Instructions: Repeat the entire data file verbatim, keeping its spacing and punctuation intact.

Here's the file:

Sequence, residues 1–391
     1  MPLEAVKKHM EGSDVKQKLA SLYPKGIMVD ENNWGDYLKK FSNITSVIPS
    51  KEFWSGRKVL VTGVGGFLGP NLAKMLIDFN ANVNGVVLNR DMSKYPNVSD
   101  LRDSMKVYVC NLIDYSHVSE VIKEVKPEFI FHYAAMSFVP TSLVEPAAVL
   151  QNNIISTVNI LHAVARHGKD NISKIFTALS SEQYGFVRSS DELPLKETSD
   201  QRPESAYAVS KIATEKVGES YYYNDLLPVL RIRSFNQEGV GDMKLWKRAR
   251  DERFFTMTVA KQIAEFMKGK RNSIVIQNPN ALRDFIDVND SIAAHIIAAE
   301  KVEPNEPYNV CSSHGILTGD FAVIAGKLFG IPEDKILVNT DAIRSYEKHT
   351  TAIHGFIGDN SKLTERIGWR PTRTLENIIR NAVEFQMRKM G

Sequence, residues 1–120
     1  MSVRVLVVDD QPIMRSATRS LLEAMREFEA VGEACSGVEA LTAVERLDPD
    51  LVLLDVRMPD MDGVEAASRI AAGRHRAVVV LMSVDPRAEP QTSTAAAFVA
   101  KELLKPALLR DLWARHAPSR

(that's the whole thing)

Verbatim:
Sequence, residues 1–391
     1  MPLEAVKKHM EGSDVKQKLA SLYPKGIMVD ENNWGDYLKK FSNITSVIPS
    51  KEFWSGRKVL VTGVGGFLGP NLAKMLIDFN ANVNGVVLNR DMSKYPNVSD
   101  LRDSMKVYVC NLIDYSHVSE VIKEVKPEFI FHYAAMSFVP TSLVEPAAVL
   151  QNNIISTVNI LHAVARHGKD NISKIFTALS SEQYGFVRSS DELPLKETSD
   201  QRPESAYAVS KIATEKVGES YYYNDLLPVL RIRSFNQEGV GDMKLWKRAR
   251  DERFFTMTVA KQIAEFMKGK RNSIVIQNPN ALRDFIDVND SIAAHIIAAE
   301  KVEPNEPYNV CSSHGILTGD FAVIAGKLFG IPEDKILVNT DAIRSYEKHT
   351  TAIHGFIGDN SKLTERIGWR PTRTLENIIR NAVEFQMRKM G

Sequence, residues 1–120
     1  MSVRVLVVDD QPIMRSATRS LLEAMREFEA VGEACSGVEA LTAVERLDPD
    51  LVLLDVRMPD MDGVEAASRI AAGRHRAVVV LMSVDPRAEP QTSTAAAFVA
   101  KELLKPALLR DLWARHAPSR